When he was younger, U.S. District Judge Jason Pulliam had a life plan sketched out on a piece of paper, his mother Katherine Pulliam recalled. She called it his “will-achieve” list.

“He had a vision board [that included] all of the goals that he has accomplished,” she said. “He was an achiever.”

At age 48, Jason Pulliam is the youngest district judge on the bench in the Western District of Texas. He is also the first black judge to serve in the district. He was formally sworn in with an investiture ceremony on Thursday afternoon at the Lila Cockrell Theatre, with hundreds of well-wishers in the audience and other Texas federal judges with him onstage. The last investiture ceremony for a federal judge was in 2015, when the Western District swore in U.S. District Judge Robert Pitman. Pitman is now based in Austin.

Pulliam was sworn in last August and has been working since then, but the investiture is a tradition allowing new judges to celebrate with their colleagues, friends, and family. With the exception of a few months when Pitman worked in San Antonio, Pulliam’s arrival was the first time in a decade that the Western District has had a full bench.

Pulliam grew up in Brooklyn, New York, where his mother still lives. He teared up as he recounted his childhood, marked by violence and poverty.

“I’m not too proud to tell you that I’ve eaten from boxes from the Department of Agriculture,” he said. “I’ve eaten clumpy government honey and pasty government peanut butter. I know first hand what it’s like to travel to school in a community filled with drugs and tremendous violence. I know what it’s like to lose friends to street violence and I know what it’s like to experience discrimination.

“I know what it’s like to come from a broken home, and I also know what it’s like being the first person to face the daunting challenge of attending college without an example of success.”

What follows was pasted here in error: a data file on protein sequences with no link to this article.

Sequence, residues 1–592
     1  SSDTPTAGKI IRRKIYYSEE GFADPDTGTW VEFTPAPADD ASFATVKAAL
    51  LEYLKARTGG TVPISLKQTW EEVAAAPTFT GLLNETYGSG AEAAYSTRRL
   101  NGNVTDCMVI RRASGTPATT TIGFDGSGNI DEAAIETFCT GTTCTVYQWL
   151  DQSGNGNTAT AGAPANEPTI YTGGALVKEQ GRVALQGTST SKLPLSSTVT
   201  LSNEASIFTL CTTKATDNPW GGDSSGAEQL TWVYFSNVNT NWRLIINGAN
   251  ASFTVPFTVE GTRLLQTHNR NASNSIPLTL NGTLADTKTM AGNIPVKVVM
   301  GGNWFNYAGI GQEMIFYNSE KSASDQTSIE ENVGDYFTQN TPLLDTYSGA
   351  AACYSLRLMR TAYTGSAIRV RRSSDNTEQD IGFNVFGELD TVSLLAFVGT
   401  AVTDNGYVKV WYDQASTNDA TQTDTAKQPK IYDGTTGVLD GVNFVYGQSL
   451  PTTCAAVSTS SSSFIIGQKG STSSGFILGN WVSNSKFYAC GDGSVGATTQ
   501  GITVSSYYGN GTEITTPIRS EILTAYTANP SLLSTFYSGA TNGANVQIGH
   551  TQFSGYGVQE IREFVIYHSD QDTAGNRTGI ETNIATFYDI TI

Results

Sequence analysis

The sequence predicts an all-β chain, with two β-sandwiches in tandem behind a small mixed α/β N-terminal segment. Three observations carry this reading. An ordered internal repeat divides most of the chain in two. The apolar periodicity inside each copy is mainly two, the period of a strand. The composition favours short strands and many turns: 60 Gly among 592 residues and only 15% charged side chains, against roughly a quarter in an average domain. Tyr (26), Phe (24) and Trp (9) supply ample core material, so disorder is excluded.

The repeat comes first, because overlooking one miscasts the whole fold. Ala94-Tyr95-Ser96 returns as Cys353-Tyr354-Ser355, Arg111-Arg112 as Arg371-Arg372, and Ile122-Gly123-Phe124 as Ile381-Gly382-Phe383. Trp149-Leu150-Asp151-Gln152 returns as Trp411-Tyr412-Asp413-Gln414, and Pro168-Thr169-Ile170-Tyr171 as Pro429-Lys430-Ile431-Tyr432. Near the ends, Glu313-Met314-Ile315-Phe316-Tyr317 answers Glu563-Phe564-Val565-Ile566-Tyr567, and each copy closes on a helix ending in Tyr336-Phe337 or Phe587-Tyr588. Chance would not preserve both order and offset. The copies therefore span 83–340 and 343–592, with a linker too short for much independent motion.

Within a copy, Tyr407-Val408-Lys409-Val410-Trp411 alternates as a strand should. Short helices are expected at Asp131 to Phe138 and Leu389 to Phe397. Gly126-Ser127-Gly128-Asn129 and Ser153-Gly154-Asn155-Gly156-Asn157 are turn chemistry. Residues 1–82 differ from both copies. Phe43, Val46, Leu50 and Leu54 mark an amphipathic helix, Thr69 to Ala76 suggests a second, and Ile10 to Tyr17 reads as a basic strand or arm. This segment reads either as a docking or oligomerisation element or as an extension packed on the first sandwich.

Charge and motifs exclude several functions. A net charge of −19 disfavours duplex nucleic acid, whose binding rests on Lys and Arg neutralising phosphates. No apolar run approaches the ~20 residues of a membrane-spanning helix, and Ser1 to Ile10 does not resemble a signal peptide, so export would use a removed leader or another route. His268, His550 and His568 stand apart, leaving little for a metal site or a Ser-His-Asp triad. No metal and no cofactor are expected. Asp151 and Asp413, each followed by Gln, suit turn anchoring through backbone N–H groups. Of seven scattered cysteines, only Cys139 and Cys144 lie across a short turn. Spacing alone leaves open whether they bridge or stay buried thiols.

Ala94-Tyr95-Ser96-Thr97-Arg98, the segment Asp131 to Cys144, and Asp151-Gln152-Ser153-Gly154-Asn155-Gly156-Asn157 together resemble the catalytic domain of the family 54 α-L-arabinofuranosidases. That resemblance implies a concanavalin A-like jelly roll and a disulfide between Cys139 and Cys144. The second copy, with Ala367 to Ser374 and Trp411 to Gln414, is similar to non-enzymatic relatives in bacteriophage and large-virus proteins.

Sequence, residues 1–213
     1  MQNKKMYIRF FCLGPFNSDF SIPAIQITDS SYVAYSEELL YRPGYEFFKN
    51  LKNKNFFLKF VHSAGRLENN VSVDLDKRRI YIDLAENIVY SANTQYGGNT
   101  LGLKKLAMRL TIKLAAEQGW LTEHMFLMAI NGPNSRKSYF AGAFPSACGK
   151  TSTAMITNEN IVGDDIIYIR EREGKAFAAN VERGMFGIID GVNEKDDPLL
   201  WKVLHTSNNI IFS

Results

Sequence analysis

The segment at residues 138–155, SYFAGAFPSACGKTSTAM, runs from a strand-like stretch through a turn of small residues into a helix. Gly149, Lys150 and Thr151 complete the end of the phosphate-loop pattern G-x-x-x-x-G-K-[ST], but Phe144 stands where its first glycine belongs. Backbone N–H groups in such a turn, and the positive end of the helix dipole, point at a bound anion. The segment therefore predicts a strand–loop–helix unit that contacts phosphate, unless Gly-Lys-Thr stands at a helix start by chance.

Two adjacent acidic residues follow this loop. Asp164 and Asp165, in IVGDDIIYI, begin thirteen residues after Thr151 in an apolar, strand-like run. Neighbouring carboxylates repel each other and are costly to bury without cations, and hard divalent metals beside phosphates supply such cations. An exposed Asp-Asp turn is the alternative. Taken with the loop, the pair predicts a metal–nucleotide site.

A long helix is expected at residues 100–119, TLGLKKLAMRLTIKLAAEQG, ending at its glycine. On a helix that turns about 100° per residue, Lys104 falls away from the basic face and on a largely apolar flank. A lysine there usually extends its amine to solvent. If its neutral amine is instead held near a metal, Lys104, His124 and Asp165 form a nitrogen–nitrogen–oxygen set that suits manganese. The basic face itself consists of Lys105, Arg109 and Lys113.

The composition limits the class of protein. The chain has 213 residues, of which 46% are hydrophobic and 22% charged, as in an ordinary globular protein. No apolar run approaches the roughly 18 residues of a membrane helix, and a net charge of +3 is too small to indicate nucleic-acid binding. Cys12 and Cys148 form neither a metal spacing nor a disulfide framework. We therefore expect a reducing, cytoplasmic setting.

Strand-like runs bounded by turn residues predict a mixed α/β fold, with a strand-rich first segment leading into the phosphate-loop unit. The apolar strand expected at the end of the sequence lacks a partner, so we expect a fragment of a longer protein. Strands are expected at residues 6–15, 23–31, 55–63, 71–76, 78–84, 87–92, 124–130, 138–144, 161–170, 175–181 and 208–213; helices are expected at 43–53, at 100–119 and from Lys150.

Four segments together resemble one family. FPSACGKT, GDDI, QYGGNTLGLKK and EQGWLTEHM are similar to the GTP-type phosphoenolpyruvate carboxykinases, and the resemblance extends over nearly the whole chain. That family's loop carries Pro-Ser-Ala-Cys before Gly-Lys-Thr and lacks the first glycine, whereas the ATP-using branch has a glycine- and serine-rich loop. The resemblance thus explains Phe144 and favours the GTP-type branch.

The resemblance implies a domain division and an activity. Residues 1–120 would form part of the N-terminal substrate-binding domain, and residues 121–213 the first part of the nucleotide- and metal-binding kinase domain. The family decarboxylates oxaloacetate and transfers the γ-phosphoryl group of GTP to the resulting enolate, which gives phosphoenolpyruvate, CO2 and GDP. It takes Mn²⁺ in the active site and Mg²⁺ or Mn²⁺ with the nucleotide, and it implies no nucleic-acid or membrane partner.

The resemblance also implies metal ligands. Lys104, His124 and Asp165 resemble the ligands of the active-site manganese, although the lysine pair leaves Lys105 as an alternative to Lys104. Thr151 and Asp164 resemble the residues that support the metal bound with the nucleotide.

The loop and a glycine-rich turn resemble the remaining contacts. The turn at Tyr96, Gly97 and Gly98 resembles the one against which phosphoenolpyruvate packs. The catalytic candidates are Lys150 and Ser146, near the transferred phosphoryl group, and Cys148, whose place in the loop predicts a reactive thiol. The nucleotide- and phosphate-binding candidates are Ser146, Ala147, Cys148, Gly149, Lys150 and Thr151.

None of those challenges made him bitter or lose faith in others, he said. Instead, he saw generosity and kindness from college professors, military superiors, and professional colleagues, who helped him on his journey to where he is today.

“Despite my humble beginnings, I have lived and continue to live the American Dream,” he said.

U.S. District Judge Jason Pulliam hugs friends and family after the ceremony. Credit: Bonnie Arbittier / San Antonio Report

Other judges, former colleagues, and friends spoke on Thursday, praising Pulliam’s character, integrity, and mind. Spurs player Lonnie Walker even sent in a video congratulating Pulliam on his position. Todd Webb, Pulliam’s classmate from the Thurgood Marshall School of Law at Texas Southern University, said that the federal judge’s journey showed that hard work and a strong support system is crucial.

“Success does not come overnight for most of us,” Webb said. “The seeds for Judge Pulliam’s success story were planted years ago by his loving parents. Today we see the fruits of their collective labor in full bloom here.

“His love and commitment to the law is genuine. And, God willing, I think we will see great things from this judge.”

His road to the judiciary was not formally planned, Pulliam said. He had no specific career path in mind while he was young – although he did include “become a state governor” on his list of goals, he laughed.

Sen. John Cornyn, who recommended Pulliam to President Donald Trump for this appointment alongside Sen. Ted Cruz, commended Pulliam for his service in the Marine Corps and as a trial and appellate court judge in Bexar County.

“Judge Pulliam has cemented his reputation for fairness and an unwavering commitment to the rule of law,” he said. “Those are exactly the right qualities we need in our federal judges. Unlike in my job, where you reapply every six years, there is no do-over when it comes to federal judges. These are lifetime appointments, so you gotta pick the right person the first time.”

As Katherine Pulliam watched her son formally join the ranks of the other district judges in Texas, she wept, overflowing with pride.

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Jackie Wang

Jackie Wang covered local government for the San Antonio Report.